And Salthill is in depression.  It once evidently was a mildly thriving seaside spot, along the lines of small 1930s resorts on the English coast (though with better views), but it has within the last ten years faced a double plague of apartment building and now sunken prospects.  So white elephant hotels jostle with bad casinos, picture-framers with fish-and-chips, and the obsessively smart B&B’s with grey paved driveways and hopeful palm trees show an empty face to the world from their double-glazed porches.  I live just a minute or two from the sea up a hill past a mournful leisure centre whose brightly-coloured exterior tubes must be rustily thinking on former glories.  The prospect from my study is the corner of a Gaelic rules football pitch, named of course after (dead Irish patriot) Patrick Pearse, though an enormous new stand, optimistically constructed like so much here, rudely cuts out all but one goal.  On Sundays I can watch maybe a third of a match, but hearing the rest while seeing only a white-kneed goalkeeper pace up and down and then at half-time jog off obediently is unsettling.  Hurling is played here too so then the unseen incidents provoking the loudest jeers and yelps and screams probably involve players taking swings at each other with their sticks.  I keep watching in hopes that a brawl will enter from stage right.

If this is the view outside, inside my flat is capacious and snug all at once. I’ve arranged books and postcards to my taste in the study in order that I’ll want to go in, and have a wonderful large desk which is still virgin tidy.  The kitchen is electric and small but the living room has a fireplace and chimney in which to put a real fire, to me a glorious luxury. I’ve got smokeless fuels and a pile of wood fit to burn a big carbon footprint should I want to, but have only tried one fire, which was mesmerising as they usually are.  Come the darkness of winter I look forward to huddling.  The place is scruffy but none the worse for this – yet to hang pictures over wall stains but I’ll talk to the Salthill framers.  Lots of bathrooms, seemingly too many now the previous occupant has tidied up, and a futon so all very visitor friendly, if I can persuade anyone to brave the wind.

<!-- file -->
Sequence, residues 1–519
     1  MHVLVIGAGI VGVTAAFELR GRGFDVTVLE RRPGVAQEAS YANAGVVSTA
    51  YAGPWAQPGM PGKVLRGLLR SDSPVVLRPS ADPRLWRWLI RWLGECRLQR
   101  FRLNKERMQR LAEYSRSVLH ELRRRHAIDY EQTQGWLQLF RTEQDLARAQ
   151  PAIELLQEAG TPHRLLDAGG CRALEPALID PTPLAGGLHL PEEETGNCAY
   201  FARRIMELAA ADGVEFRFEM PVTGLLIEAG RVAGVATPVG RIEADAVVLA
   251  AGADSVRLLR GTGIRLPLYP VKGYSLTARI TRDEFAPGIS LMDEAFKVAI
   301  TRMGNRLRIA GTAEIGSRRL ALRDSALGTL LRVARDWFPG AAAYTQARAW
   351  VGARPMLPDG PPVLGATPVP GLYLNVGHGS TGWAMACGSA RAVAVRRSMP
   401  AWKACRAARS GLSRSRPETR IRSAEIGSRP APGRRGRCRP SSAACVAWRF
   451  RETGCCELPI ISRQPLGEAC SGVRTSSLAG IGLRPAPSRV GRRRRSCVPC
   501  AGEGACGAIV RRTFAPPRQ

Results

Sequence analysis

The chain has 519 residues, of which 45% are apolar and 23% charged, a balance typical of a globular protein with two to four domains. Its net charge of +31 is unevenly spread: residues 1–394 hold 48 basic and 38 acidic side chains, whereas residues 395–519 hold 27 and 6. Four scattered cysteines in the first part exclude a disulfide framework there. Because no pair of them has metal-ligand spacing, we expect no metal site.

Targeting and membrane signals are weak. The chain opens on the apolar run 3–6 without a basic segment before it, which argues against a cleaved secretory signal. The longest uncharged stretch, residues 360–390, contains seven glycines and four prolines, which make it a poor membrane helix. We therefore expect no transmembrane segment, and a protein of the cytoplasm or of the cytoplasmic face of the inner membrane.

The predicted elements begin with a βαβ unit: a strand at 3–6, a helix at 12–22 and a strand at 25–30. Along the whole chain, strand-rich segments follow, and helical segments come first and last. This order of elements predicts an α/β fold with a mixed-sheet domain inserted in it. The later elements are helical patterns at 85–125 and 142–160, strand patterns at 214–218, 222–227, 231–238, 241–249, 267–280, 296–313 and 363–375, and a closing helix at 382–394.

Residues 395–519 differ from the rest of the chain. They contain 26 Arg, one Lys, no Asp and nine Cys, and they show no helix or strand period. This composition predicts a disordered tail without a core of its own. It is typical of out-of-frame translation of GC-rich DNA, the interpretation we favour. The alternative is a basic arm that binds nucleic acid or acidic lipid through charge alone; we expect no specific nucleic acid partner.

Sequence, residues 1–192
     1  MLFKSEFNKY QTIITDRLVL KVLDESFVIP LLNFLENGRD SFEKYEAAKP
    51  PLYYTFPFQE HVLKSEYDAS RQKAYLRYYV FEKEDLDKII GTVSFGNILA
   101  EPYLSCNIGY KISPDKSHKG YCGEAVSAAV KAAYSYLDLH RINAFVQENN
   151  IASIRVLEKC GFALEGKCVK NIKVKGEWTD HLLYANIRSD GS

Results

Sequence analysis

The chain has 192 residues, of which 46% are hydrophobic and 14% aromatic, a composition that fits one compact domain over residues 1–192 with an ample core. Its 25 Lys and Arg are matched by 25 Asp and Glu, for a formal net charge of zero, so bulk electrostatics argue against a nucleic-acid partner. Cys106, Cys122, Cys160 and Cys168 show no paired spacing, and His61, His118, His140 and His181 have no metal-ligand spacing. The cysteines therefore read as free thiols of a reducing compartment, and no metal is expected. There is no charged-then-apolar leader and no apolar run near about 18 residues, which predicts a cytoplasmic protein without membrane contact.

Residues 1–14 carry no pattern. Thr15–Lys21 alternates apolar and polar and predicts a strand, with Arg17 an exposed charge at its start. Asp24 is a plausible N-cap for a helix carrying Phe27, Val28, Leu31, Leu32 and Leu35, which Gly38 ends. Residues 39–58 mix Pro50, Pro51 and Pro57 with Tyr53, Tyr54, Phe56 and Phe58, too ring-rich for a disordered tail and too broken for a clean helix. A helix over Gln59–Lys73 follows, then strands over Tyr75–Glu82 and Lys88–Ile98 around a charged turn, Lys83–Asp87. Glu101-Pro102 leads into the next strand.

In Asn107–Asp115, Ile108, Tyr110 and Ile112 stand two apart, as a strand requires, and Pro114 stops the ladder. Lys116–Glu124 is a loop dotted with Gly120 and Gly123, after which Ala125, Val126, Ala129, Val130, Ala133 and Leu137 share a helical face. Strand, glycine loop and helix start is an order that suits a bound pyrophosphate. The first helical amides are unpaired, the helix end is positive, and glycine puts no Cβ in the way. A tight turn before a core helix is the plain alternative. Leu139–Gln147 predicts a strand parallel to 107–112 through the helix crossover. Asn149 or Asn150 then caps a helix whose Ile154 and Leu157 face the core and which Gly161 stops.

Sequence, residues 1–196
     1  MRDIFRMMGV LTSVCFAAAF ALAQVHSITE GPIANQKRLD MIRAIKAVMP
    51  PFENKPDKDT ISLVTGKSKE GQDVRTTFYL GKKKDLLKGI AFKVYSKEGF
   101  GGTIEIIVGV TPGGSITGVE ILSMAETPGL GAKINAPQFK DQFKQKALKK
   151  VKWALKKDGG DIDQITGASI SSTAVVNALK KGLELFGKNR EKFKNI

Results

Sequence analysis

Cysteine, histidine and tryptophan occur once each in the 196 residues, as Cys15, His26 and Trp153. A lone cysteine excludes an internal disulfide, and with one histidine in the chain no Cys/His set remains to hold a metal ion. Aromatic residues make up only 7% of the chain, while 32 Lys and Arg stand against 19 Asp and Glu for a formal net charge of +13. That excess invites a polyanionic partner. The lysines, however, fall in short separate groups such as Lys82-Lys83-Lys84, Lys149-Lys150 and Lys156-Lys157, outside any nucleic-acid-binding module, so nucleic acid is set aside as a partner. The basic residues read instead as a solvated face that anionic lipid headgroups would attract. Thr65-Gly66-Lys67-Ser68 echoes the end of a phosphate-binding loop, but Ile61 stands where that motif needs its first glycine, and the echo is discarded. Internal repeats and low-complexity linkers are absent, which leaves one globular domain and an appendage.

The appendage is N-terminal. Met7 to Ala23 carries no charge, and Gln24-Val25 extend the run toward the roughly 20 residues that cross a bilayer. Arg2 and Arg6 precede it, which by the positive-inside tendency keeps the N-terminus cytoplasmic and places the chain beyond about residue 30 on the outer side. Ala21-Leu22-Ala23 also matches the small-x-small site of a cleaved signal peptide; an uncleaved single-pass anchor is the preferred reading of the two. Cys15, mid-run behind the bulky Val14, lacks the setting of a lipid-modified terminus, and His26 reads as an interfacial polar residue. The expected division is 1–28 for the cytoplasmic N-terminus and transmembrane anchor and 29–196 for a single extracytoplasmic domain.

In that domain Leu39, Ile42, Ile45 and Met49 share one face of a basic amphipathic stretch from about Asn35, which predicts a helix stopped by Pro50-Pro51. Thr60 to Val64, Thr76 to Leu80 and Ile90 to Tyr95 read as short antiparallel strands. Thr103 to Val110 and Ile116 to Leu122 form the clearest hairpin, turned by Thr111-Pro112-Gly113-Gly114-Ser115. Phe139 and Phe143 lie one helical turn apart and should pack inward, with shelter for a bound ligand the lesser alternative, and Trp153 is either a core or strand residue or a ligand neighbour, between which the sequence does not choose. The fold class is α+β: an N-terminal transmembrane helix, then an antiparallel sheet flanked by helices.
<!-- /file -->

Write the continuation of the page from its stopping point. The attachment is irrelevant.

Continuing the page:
My office in the college has a nameplate and little else – a computer that doesn’t connect to the internet, a view of grass and a driveway, with the awareness of a river beyond – but again its spareness makes it a good place to begin things, as soon as I am Recognised.  I won’t go into the extent of a bureaucracy that might have shamed Kafka, as it is starting to seem more tiresome than amusing and I want to think Higher Thoughts; but it does raise interesting philosophical questions about how anyone proves they exist.  Descartes wrestled with this, but then he wasn’t locked out of a computer system.  I think therefore I’m not.  My only consolation is the mountains, which are indubitably there.

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~ by thebicyclops on October 20, 2009.